How Does Sole Custody Work In Wisconsin

How Does Sole Custody Work In Wisconsin

Legal custody is that power which is given to the parents or certain relatives that allow them to take decisions for the child, till he/she is an adult and can take his/her own decisions. With the power of legal custody, one can make any major decisions about their child’s life like choosing their school, religion, place of living, in short, all decisions except, emergency health issues. There are actually two types of custody –

Joint Custody – where both parents have equal rights to make decisions for their child.

Sole Custody – where one of the parents gets the rights to make all the decisions for the child.

In most states of the United States, the decision for custody is made, by keeping in mind the best interest of the child, but in Wisconsin, there is an additional requirement for the decision making. In Wisconsin, the judges need to consider the joint custody, i.e. allowing both the parents to decisions for the child, as the best custody, or as the custody, which is in the best interest of the child. Thus, in Wisconsin, the chances of parents getting joint custody are higher, but that doesn’t mean that the parents don’t get sole custody.

Sole legal custody is that condition, where one of the parents is given the sole authority, or the decision-making power, to take all the major decisions for the child. These decisions include, decisions related to education, like in which school the child is supposed to study, minor health care, dental care, religion of the child, military enlistment, tutoring, culture and nationality of the child, like whether he/she can get a driver’s license and lastly the extracurricular activities.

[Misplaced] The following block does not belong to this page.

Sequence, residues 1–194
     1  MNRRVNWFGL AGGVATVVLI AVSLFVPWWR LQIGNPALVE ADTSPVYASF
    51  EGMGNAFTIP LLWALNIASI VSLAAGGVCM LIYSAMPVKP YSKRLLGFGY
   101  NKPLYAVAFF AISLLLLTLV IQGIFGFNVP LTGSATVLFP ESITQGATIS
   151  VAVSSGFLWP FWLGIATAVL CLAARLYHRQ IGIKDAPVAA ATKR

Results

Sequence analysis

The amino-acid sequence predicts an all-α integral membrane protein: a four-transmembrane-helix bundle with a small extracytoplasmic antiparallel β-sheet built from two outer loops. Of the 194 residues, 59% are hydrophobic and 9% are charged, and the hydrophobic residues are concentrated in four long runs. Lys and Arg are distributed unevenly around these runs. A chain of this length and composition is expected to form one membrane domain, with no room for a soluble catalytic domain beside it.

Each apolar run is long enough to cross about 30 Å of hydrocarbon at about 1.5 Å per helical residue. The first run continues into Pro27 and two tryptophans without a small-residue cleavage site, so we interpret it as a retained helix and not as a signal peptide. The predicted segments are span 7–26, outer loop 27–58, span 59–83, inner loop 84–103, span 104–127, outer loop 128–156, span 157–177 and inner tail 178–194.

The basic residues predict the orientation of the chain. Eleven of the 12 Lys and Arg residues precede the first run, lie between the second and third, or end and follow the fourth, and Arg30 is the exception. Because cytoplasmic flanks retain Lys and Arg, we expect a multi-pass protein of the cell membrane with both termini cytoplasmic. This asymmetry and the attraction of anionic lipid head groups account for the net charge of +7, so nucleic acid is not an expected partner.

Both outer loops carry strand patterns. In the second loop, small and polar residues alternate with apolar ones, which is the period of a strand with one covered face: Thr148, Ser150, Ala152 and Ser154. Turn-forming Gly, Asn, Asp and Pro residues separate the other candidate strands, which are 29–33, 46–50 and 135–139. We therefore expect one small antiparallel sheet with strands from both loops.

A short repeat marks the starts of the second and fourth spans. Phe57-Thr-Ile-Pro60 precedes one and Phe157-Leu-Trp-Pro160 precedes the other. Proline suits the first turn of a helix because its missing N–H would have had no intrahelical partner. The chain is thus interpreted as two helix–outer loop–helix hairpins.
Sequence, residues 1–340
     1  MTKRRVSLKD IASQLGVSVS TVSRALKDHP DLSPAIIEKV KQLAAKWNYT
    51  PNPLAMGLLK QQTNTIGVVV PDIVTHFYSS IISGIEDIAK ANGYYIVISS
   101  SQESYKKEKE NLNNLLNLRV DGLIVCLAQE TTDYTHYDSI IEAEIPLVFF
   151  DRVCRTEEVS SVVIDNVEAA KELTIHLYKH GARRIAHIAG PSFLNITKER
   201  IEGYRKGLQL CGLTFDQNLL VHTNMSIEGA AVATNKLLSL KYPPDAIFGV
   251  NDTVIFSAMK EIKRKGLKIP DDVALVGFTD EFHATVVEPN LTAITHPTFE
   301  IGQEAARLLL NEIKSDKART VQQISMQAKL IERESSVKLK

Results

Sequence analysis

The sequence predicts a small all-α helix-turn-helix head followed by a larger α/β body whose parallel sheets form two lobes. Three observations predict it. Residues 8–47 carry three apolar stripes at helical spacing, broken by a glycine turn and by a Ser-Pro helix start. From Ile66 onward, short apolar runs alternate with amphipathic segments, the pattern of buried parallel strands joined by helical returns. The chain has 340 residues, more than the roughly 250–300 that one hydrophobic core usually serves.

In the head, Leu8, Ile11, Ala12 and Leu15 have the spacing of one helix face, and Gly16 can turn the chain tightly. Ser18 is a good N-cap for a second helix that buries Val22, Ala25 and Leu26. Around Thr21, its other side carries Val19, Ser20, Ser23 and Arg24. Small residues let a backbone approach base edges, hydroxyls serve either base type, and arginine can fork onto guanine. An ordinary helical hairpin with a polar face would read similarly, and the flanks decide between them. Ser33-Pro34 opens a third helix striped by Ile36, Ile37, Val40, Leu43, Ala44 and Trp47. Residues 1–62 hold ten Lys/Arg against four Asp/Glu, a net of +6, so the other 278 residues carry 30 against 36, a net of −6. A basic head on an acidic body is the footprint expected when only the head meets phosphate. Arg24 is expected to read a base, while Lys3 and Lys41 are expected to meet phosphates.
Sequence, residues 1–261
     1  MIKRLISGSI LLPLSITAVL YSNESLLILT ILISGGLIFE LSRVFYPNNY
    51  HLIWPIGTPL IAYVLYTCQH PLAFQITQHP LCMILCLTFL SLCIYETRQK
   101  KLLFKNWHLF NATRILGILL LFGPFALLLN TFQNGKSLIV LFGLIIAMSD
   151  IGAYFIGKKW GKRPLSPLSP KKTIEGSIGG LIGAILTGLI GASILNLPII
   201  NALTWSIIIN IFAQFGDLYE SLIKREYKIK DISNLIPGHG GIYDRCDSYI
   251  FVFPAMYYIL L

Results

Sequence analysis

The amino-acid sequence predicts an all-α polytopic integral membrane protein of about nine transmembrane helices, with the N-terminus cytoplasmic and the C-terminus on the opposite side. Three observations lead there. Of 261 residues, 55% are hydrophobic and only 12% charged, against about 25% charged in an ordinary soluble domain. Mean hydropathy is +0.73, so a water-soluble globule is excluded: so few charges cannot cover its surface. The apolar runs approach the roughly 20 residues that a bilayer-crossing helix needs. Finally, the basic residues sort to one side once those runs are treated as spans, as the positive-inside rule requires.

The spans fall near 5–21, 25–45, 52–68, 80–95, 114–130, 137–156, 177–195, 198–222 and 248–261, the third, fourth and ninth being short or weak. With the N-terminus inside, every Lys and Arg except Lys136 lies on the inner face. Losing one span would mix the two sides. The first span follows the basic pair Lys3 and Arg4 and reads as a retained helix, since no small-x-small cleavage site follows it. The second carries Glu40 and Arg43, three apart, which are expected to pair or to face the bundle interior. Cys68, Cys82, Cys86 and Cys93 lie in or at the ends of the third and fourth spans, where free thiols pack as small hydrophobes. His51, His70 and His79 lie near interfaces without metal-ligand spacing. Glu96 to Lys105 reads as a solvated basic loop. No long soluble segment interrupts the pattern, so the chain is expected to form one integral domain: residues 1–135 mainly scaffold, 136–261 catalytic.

As mentioned earlier the judges of Wisconsin consider joint custody as the best custody, unless there are well-stated factors that will prove, that it’s the sole custody that is beneficiary for the child. Sole custody is awarded only if the court finds the below mentioned relevant points –

If it is proved that the sole custody is in the best interest of the child.

If both the parents of the child agree, to the fact of giving sole custody to one of them.

If a parent is found incapable of fulfilling the demands, and the basic needs of the child, i.e. is incapable of parenting.

If a parent is simply uninterested in parenting or getting custody of the child.

If the parents are not at all in good in terms with each other, and the joint custody, can affect the well-being of the child.

If one of the parents is dangerous to the child, or even possess a threat to the child.

If there are conditions that are harmful to the child and to his/her upbringing.

Thus, according to the state laws, other than stated reasons, if one parent refuses to cooperate with the other parent, it is not a reason enough for the other parent to get a sole custody. It is mandatory, to produce a strong reason for sole custody, as Wisconsin courts are always in favor of joint custody than sole ones.

More on this topic: